Guyon was killed while gallantly leading the 16th Battalion
West Yorks. The battalion had suffered, in fact, worse
than in the landing in Gallipoli, and drastic reorganisation
was necessary. Captain Swifte assumed command with
Captain Goodliffe as second and Lieutenant P. T. 0. Boult
as Adjutant.

Dearden and Baldwin alone of the officers who went over
the top did not become causalties and the former had his
steel helmet dented by a shell. For forty-eight hours the
wounded dribbled in, some of them mad. The Germans
left their trenches under a Red Cross flag and collected
some of the wounded. They also removed Lewis guns on
stretchers, a slight blot on otherwise unexceptional
behaviour !

On July 2nd the artillery was extremely active on both
sides and the day was given over to the salvage of dead
and wounded. On the 4th the 2nd Battalion were relieved
by two battalions of the 4th Division, and later in the
month they passed from the Somme area.

Gommecourt. — Farther north, the 2nd, 3rd and 4th
Londons had been involved in the subsidiary attack south
of the Gommecourt salient, the 1st being in divisional
reserve. The 2nd Londons lay in the front line until
1.30 p.m., when D Company were ordered up to the
first German line (Ferret Trench) ; but Lieutenant H.


W. Everitt and several men were hit as they left the
trenches and the company made three unsuccessful
attempts to cross the open in the face of the artillery and
machine gun fire. A little later A and C Companies were
directed to make good the German front line on the left
and right of Ferret Trench and to recover parts of the
trenches beyond. C, on the left, was held up before the
German wire. Captain Handyside was wounded about
15 yards from the front line but crawled forward encourag-
ing his men until killed by a shell. After dark about fifty
of the men, including many wounded, crawled back.
A Company fared similarly, losing all its officers and all
but 35 men ; and at 3.15 p.m. the battalion were ordered
to cease the attempt to reinforce and to hold the old front
line. Soon after noon the Germans showed a white flag
in Ferret trench and an informal truce took place for about
an hour for the collection of wounded. Ten minutes
before the end of the truce the Germans gave warning by
firing shells over the men. Some of the wounded stated
that the Germans had given them coffee during the night.
On July 3rd the battalion received the congratulations
of the divisional general on their gallantry. Indeed,
there was no lack of courage and the 2nd Londons lost
12 officers, including Captains Handyside and Garland
killed, and 241 other ranks.

The role of the 3rd Londons was to dig a communication
trench from " Z" hedge to the junction of Fir and Firm
Trenches — on the left of the point which C Company of the
3rd Londons attacked ; but when this was begun at
10.10 a.m., the German barrage was so heavy that the task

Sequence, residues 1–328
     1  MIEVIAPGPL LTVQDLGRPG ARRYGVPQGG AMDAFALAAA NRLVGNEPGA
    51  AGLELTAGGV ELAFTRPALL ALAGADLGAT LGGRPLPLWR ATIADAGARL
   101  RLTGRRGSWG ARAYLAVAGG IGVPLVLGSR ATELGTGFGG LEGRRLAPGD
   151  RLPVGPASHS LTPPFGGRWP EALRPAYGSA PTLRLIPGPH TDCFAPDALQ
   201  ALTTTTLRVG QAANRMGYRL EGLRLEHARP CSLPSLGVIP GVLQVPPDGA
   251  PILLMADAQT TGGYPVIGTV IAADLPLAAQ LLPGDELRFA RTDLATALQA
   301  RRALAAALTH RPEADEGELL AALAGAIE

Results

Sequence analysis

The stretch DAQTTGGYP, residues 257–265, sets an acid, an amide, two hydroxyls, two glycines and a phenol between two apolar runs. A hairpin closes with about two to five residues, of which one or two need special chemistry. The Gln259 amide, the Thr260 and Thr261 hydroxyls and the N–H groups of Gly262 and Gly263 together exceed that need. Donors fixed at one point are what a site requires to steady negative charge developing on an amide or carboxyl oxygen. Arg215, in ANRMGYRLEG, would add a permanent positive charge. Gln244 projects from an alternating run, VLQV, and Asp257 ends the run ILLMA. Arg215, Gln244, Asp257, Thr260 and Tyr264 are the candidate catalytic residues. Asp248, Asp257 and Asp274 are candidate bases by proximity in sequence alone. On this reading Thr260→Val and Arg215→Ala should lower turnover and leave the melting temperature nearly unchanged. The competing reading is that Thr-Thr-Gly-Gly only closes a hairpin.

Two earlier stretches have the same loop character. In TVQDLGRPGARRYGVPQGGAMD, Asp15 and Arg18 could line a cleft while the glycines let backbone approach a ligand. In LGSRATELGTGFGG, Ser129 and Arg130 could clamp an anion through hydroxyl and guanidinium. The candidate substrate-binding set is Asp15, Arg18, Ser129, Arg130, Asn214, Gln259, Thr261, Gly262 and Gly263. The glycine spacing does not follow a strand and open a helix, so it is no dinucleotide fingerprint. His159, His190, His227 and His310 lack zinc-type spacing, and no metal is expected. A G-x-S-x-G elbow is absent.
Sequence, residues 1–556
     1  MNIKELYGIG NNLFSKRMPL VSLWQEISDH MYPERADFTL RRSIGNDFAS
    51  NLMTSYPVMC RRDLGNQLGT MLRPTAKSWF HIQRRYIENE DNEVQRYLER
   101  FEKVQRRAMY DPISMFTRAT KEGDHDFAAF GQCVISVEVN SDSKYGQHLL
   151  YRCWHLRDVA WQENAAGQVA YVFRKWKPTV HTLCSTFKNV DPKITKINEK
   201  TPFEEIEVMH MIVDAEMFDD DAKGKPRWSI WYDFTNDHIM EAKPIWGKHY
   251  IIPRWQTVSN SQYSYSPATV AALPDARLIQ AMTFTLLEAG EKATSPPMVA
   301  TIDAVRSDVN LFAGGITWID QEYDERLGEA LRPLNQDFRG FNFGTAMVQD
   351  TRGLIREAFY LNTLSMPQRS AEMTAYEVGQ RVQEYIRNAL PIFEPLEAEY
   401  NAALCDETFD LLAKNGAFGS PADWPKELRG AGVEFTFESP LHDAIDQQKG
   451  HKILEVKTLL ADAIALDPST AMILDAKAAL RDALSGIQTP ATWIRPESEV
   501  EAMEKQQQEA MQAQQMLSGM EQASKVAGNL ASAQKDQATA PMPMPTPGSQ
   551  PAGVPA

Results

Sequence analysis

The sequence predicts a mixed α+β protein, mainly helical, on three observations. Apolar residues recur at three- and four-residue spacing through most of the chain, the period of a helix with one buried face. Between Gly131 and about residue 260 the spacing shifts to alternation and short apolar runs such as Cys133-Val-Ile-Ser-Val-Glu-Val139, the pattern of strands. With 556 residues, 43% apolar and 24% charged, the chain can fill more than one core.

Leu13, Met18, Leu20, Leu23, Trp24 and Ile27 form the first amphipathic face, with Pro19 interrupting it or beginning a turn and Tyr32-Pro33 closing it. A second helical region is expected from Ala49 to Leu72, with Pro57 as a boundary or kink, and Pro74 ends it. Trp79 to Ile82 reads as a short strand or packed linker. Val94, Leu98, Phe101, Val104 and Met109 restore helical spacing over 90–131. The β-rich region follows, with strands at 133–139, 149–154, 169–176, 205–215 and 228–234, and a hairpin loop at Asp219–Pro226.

had to be abandoned. " Z" hedge, occupied by Second
Lieutenant Johnson and No. 15 Platoon was so heavily
shelled that at 1.15 p.m. only Johnson and one man were
left. The battalion lost 3 officers and 120 other ranks.

The 4th Londons supported the attack on the right of
the 3rd, and they also came under so heavy a fire that any
considerable or lasting success was impossible. At
8.45 a.m. two companies were ordered to support the


Rangers in the German front trench (Fetter) ; but, although
six runners were despatched with the message by different
routes and two others after an interval of fifteen minutes,
only one returned, having failed to locate the left company.
The others were all killed. A Company, very gallantly
led by Captain A. R. Moore, went forward and pushed up
to the second German line, but at that point all the officers
had become casualties and all but 18 men. The two
platoons of C Company who went forward suffered little
more than the two who had not received the order, owing
to the front line trench being destroyed by the German
barrage. The company lost all their officers and were
brought out of action by C.S.M. Davis. B Company,
whose role was to " clear up," lost very terribly, and only
about 10 men got back from the German line. The
battalion had 23 officers and 700 other ranks, head-
quarters and firing line on going into action, but only
7 officers and 356 other ranks answered the roll call that
night. But they had shown a fine courage and discipline,
and, in the end, the function of the 56th Division had been

Montauban. — The nth Royal Fusiliers took part
in the attack of the 18th Division towards Montauban.
It was their first battle and they engaged in it with
peculiar zest. They had already tested the effect of our
bombardment in a raid on June 27th/28th, in which
Second Lieutenant W. R. Havard gained the M.C. ; and
by 2 a.m. on July 1st they were in battle positions, as the
left assaulting battalion of the brigade. About 4.30 a.m.
tea was sent up and was warmly appreciated, for a fine
rain was falling and the men were thoroughly chilled.
About 7 a.m. a thick mist shrouded the foreground ; but
before 7.30 it had cleared and the men went over the top
" like bloodhounds let loose from the leash." The
German trenches had been so battered that it was only
with the utmost difficulty the men carried out the pre-
arranged plan. The Fusiliers ran through the German
barrage and went across their front line in great style.


An attempt to check the advance from Austrian Support
was dealt with, one of the machine guns being rushed by
Lance-Corporal A. Payne. Between Bund Trench and
Pommiers Trench, a space of some 500 yards, uncut wire
was encountered by the battalion on the right of the
Fusiliers, and the consequent check was seized upon by
the Germans in Mametz to strike against the battalion's
left flank. Second Lieutenant Parr-Dudley turned his
platoon half-left and, with a vigorous charge, accounted
for the small enemy party, but lost his life in the action.

A small party bombed up Black Alley, leading to
Pommiers Trench. Private W. T. Taverner, locating a
machine gun in the latter trench, and unable to get at the